Madison will look to the Yahara River waterfront in the coming weeks as it considers plans to redevelop the scenic, open space into a hub for recreation and development.
The Yahara River, which links lakes Mendota and Monona, runs about a mile across the isthmus. Roughly 50 feet of green space on either side make up the public Yahara River Parkway.
"As we move forward as a city, I think that we are more attuned to the value of our lakes, our waterways and making sure that we retain what's good," says Ald. Ledell Zellers (District 2).
Bill Fruhling, the principal city planner for the project, says that the city has been looking to enhance the parkway since at least 1998 when it adopted the Yahara River Parkway and Environs Master Plan. In January 2013, city planning staff compiled the Yahara Gateway and Parkway Summary and Overview, which summarizes recommendations for the area from previously adopted neighborhood plans.
One idea that is being floated is to create a few blocks of restaurants and coffee shops in a European-inspired riverside style.
"It would be really quite an attraction, and probably more in warmer weather," says Zellers. "But I think it can be really attractive in colder weather, too, to have a view of the Yahara River and snow."
The corridor around the river is a designated city landmark and holds a spot on the National Register of Historic Places.
"It's an asset not only as a natural space but also as a historical and cultural resource within our community," says Fruhling.
Previously adopted neighborhood plans have recommended more integration of bike and pedestrian paths, better access to the river, redevelopment of industrial and underutilized areas along the parkway and the creation of more green space to enhance recreational opportunities.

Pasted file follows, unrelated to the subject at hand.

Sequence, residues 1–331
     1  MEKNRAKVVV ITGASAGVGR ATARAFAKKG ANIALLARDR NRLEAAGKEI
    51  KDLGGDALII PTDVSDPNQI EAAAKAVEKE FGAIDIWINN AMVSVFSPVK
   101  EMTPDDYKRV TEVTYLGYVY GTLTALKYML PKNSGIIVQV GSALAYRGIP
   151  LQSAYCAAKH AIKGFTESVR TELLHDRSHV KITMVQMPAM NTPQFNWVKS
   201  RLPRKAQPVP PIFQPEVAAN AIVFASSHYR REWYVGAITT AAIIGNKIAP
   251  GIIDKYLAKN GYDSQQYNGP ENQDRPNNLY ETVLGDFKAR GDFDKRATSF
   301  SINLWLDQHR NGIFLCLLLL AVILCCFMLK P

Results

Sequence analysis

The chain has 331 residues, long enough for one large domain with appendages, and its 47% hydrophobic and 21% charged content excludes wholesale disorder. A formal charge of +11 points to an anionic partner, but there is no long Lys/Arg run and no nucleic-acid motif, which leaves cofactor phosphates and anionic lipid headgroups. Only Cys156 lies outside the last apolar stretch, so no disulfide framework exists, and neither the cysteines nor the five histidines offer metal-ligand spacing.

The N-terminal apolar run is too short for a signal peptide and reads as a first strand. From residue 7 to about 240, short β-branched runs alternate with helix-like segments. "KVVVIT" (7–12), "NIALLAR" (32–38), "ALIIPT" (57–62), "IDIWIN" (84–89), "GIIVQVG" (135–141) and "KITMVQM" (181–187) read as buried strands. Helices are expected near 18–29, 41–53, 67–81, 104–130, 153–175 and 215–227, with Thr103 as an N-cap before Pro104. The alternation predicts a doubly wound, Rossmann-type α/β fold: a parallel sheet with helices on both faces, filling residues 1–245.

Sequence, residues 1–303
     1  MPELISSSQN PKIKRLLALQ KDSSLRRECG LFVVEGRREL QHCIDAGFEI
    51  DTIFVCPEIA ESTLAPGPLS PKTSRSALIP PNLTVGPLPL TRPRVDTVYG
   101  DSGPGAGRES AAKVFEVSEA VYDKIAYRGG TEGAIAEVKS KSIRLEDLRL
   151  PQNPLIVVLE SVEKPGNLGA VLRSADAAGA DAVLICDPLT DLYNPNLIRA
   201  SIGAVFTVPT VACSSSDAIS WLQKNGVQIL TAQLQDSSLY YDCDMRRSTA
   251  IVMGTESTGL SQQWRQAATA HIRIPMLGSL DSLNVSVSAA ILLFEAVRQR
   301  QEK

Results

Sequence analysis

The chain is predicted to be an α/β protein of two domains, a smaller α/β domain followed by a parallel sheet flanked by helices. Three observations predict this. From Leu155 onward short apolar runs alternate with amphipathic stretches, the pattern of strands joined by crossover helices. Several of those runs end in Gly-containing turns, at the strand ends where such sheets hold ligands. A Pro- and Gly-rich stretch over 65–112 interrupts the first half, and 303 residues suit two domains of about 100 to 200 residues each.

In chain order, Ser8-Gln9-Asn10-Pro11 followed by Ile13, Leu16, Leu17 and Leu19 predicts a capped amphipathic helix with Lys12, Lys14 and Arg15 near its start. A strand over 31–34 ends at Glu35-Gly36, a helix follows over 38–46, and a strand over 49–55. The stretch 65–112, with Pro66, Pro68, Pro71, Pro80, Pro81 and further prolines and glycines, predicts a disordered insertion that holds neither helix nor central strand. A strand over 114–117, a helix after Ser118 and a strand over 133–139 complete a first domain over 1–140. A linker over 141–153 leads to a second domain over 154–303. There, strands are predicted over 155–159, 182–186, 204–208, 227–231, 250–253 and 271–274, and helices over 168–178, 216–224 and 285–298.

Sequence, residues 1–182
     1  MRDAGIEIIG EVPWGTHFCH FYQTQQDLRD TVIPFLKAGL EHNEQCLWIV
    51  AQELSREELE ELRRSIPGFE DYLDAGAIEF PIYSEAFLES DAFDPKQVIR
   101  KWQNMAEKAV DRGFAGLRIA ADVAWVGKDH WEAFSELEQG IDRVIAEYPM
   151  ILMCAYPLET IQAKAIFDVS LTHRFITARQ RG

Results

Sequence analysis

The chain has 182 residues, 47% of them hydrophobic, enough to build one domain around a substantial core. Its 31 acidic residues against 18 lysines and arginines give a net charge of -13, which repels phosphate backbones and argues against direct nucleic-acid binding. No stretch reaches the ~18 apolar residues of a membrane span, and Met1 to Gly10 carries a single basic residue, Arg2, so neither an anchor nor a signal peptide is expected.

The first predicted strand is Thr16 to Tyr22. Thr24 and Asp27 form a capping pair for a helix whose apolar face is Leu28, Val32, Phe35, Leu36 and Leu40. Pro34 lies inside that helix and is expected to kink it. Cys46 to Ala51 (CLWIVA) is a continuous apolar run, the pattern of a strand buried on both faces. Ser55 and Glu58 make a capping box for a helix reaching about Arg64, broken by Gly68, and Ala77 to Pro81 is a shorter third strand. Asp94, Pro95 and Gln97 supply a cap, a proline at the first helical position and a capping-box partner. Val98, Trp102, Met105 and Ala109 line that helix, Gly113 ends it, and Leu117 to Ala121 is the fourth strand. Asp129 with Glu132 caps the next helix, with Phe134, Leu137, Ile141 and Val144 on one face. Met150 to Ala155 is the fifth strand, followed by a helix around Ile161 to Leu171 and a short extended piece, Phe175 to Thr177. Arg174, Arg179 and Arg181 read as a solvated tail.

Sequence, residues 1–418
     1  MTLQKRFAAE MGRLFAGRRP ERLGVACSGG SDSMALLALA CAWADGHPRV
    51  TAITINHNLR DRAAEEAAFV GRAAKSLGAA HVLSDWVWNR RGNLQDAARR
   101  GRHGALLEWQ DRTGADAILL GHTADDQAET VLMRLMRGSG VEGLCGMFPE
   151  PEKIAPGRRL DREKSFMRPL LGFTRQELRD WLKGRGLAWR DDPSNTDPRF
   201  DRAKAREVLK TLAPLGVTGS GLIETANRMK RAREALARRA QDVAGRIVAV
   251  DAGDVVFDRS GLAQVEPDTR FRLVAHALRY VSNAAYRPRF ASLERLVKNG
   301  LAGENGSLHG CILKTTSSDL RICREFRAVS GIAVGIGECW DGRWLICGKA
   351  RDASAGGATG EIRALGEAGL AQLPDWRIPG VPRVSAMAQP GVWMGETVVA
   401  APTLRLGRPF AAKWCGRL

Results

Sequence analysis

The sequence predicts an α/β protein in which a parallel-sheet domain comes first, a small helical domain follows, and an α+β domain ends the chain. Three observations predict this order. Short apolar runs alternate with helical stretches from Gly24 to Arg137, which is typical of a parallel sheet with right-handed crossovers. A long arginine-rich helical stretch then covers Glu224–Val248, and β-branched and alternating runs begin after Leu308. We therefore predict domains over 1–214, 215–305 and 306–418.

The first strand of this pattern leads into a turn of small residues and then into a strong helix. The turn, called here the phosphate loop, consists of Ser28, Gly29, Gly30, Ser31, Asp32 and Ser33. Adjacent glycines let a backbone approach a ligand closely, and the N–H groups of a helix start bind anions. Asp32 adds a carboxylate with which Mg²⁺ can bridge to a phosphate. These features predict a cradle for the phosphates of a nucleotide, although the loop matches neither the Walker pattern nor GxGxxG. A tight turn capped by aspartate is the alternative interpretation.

The redesign could also spur redevelopment of nearby private properties by making the area more appealing to businesses and residents. Fruhling says the project's focus is making the Yahara corridor a place where people want to be.
"If you create that kind of energy around a place, then people start taking notice and some private development could follow," Fruhling says.
Zellers says the area currently has a number of unused warehouses and vacant buildings. "Having a vacant building in such a desirable location is unfortunate," she says.
"The Yahara is one of those kind of great assets within a community that is not always noticed or appreciated," Fruhling says. "What we're trying to do is have that rise to the appropriate level of community amenity that it can be -- and that it deserves to be -- while maintaining kind of that natural respite."